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In a letter to readers Sunday, the Cleveland Plain Dealer editor says the “specific plan, timeline or structure” of the newspaper will be known “very soon.”

The talk in recent weeks has been what will happen to the Plain Dealer? Will there be deep cuts or publication changes from 7 days a week to 3?

While the answers to those questions still remain uncertain, readers of Sunday’s newspaper were told that “very soon” answers will be known.

Sunday’s letter from publisher Terry Egger and editor Debra Adams Simmons begins with “Dear Readers,” telling them “we do not have a specific plan, timeline or structure for Cleveland. But we will – very soon.”

It goes on to say, “whatever our final decision, this is not about cost cutting. It is about making a bold move to sustain our mission and viability in the future. Our real value to the community, indeed our core competency, is the information we gather and provide for and about Northeast Ohio. We will continue in that role and we will continue to do it better than anyone else, while at the same time recognizing consumers’ demand for information when and where they want to receive it.”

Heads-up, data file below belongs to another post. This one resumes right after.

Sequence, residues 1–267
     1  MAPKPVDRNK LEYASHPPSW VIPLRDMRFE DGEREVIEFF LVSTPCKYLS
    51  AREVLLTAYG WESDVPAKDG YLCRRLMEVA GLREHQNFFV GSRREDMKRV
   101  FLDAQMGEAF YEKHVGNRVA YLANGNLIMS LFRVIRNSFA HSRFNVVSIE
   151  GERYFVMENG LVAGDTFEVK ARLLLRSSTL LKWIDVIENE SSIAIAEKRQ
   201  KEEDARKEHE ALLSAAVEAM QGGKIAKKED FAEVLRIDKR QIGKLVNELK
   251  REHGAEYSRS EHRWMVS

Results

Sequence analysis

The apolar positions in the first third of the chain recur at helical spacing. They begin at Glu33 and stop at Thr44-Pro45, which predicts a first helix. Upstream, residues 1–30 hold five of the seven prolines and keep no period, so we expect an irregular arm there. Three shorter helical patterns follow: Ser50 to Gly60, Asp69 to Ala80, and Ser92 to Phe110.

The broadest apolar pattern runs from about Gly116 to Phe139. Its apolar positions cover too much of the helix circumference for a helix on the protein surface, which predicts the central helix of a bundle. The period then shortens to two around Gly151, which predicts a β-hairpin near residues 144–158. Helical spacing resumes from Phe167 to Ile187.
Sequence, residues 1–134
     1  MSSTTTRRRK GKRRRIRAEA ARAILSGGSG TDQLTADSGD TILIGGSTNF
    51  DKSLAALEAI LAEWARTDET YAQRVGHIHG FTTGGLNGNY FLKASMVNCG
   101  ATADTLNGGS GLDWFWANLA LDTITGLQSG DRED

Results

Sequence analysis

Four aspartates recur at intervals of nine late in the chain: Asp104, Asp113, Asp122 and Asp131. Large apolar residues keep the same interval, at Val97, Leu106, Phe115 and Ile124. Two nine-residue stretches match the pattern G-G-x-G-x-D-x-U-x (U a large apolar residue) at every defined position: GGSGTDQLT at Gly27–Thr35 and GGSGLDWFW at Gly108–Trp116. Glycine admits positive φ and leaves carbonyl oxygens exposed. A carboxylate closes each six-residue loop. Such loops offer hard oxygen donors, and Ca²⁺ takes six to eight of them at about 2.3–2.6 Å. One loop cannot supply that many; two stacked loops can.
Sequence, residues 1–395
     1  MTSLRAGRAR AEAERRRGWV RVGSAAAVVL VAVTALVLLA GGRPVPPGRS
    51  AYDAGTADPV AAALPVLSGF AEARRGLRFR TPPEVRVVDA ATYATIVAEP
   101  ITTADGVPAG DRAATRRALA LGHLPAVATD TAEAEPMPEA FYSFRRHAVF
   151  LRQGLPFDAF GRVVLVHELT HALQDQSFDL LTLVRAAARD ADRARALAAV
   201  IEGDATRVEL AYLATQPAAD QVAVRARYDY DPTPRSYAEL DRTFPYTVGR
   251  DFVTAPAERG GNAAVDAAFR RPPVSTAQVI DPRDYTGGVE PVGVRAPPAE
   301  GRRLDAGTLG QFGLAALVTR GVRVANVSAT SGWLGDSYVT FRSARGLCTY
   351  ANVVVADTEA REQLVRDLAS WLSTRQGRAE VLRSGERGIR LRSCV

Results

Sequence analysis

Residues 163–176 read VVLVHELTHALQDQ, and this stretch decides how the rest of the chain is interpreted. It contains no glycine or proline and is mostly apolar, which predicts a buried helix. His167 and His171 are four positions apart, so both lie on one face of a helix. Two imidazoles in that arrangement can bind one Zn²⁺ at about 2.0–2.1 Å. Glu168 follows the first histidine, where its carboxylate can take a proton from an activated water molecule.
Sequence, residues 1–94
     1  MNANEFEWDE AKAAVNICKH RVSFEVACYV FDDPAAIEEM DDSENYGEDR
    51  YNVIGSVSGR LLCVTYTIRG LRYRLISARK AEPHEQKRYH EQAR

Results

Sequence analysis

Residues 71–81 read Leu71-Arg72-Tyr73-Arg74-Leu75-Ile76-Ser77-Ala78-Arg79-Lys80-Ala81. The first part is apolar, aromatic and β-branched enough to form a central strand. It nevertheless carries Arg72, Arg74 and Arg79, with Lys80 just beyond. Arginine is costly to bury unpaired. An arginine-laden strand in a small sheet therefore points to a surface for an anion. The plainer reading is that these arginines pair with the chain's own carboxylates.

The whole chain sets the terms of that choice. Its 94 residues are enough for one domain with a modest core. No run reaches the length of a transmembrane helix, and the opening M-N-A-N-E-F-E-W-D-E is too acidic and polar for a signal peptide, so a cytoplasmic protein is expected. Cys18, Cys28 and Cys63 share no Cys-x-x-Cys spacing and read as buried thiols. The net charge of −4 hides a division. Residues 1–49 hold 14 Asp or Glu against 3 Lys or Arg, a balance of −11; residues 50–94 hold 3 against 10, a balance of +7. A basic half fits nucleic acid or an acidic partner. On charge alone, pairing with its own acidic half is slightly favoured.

But it’s not how reporters there feel. John Mangels, chairman of the Save The Plain Dealer steering committee, wrote a response, saying “journalists who are conducting the Save The Plain Dealer campaign share Mr. Egger’s and Ms. Adams Simmons’ commitment to preserve quality journalism in Cleveland. But the actions of the paper’s out-of-town owners undermine that commitment.”

Mangels fear is that Advance Publications, which owns the Plain Dealer, will reduce the daily newspaper to three days a week and fire half or more of the experienced journalists who produce them. He said that’s what’s the publisher has done in other cities.

“It’s basic math. Fewer journalists equal fewer questions, less scrutiny and shrinking coverage. It’s all about cost-cutting. And that’s unfortunate, because there are other alternatives available to Advance besides dismantling The Plain Dealer.”

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